Keyword
SPORT SECTIONS
Friday, January 18
Updated: January 21, 11:04 AM ET
 
Nets play the game the way it should be played

By Adrian Wojnarowski
Special to ESPN.com

EAST RUTHERFORD, N.J. -- They gathered together for boardroom meetings and telephone conference calls, the Sterns and Colangelos, the NBA elders desperate to bring the beauty back to basketball. The passed rules for zone defenses; hand-checking was outlawed; and the list of changes grows longer every season.

Jason Kidd
Don't laugh, but Jason Kidd and the Nets could win the East.
Through it all, the New Jersey Nets taught everyone the most important lesson of all: There's no legislating selflessness and chemistry, no rules that can take the best passing point guard since Magic Johnson and inject him into a lineup desperate to validate itself with victories.

"To me, we play ball the way it was meant to be played -- the way it used to be played," says the architect, Nets GM Rod Thorn. "Not the way it's been played in modern-day. Maybe it dates me, but I like that."

The beauty of the basketball these Nets play has nothing to do with rules changes -- the zones, the defensive three seconds, none of it. As the season marches on, these Nets have grown to understand that playing as five separate fingers can't come close to the punch of a tight, closed fist.

"What we have ... this is very rare," Nets coach Byron Scott says. "It comes once in a blue moon. When you get it, you've got to bottle it and keep it as long as you can."

As the week begins, they hold the best record in the Eastern Conference at 27-12 heading into a three-game Western Conference trip. They beat last season's victory total of 26 with Saturday night's vanquishing of the Rockets. Thorn is the NBA's executive of the year, Scott is the coach of the year, and just maybe, Jason Kidd will make people think long and hard over that MVP vote. Comeback player of the year? Kerry Kittles. Most improved? Kenyon Martin has a shot, right?

What we have ... this is very rare. It comes once in a blue moon. When you get it, you've got to bottle it and keep it as long as you can.
Nets coach Byron Scott
The best start in franchise history is part product of Kidd, the best passing point guard since Scott's Showtime running mate. It is part product of Scott and his assistant Eddie Jordan's tutelage under Pete Carril with the Sacramento Kings, incorporating his Princeton screens and cuts and backdoors. It is part product of a locker room of players desperate to prove themselves worthy. Grab a seat beside center Todd MacCulloch, and listen to him run down the list of reasons these Nets are such a fascinating study in what happens when so many with so much to prove are thrust together on the court.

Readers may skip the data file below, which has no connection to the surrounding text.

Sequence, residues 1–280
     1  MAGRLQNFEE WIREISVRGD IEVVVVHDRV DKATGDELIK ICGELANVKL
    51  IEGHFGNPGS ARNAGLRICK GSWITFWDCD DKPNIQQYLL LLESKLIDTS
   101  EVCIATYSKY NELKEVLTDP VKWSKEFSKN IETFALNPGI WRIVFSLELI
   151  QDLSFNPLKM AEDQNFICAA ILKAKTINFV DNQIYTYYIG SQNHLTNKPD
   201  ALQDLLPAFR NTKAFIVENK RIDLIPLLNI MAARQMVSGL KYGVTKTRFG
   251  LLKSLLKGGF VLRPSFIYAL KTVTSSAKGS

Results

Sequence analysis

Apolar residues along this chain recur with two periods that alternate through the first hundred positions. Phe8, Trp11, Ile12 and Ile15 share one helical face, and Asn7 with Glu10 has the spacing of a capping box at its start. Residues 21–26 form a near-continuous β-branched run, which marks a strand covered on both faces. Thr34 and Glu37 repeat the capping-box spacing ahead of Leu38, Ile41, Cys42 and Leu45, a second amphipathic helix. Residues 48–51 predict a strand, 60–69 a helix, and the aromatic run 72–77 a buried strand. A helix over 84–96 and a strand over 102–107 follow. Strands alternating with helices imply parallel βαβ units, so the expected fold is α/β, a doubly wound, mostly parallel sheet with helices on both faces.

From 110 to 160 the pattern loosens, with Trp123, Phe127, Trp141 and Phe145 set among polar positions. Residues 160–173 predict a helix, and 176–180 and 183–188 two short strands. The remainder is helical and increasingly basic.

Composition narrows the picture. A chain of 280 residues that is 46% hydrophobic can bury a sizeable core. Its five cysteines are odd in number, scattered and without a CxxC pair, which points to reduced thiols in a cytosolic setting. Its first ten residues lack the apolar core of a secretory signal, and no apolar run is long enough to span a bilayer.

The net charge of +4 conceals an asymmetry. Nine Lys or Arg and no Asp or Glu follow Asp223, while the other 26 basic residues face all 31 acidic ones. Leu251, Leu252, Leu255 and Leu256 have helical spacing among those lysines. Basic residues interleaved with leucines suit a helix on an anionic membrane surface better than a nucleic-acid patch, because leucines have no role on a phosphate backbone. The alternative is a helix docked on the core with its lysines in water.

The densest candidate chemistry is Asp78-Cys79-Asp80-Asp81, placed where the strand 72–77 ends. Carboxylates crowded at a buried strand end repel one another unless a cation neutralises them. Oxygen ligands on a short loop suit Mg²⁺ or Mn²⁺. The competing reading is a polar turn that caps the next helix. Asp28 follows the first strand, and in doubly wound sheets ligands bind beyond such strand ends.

There's Martin, scoffed at as a legitimate No. 1 overall pick. There's Keith Van Horn, the over-hyped white star. There's Kittles, the gimpy-kneed guard picked over Kobe Bryant. There's Richard Jefferson, the rookie traded for lottery pick Eddie Griffin. And there's MacCulloch, the back-up center delivered $34 million to be a frontline starter.

"We've all got our reasons," MacCulloch says.

Together, they want to be the ones to bring the Nets something they haven't had since 1983: A playoff series victory. It hasn't happened since the 76ers of Moses Malone and Dr. J were defending champions, and the Nets stole a best-of-five series by winning three times at the Spectrum. If they're a No. 1 or No. 2 seed, why should they limit themselves there?

Still, it'll be far easier winning the regular season Eastern Conference title over the postseason. Ultimately, these Nets haven't been hardened on past playoff runs and, yes, it could cost them come springtime. There's no substitute for knowing the way playoff ball grinds the game to a stop, turning those free-flowing fast breaks and alley-oop dunks into winter memories. Maybe a team will yet catch the Nets for the No. 1 seed, but they'll do it wishing they had Jersey's chemistry and camaraderie.

"It's like I've been traded to a brand new team," Van Horn says.

It's sounds strange, but the NBA wanted a league of Nets. When would that ever seem sensible? This is the game they wanted played, the way they wanted it. They packed themselves into those boardrooms, passed rules on zones and defensive three seconds and tried everything to bring back the beauty of basketball. In the end, it turned up in the most absurd of addresses: On the break off Turnpike Exit 16W, where good basketball no longer comes to die.

Adrian Wojnarowski is a sports columnist for The Record (Northern N.J.) and a regular contributor to ESPN.com.






 More from ESPN...
Adrian Wojnarowski Archive

 ESPN Tools
Email story
 
Most sent
 
Print story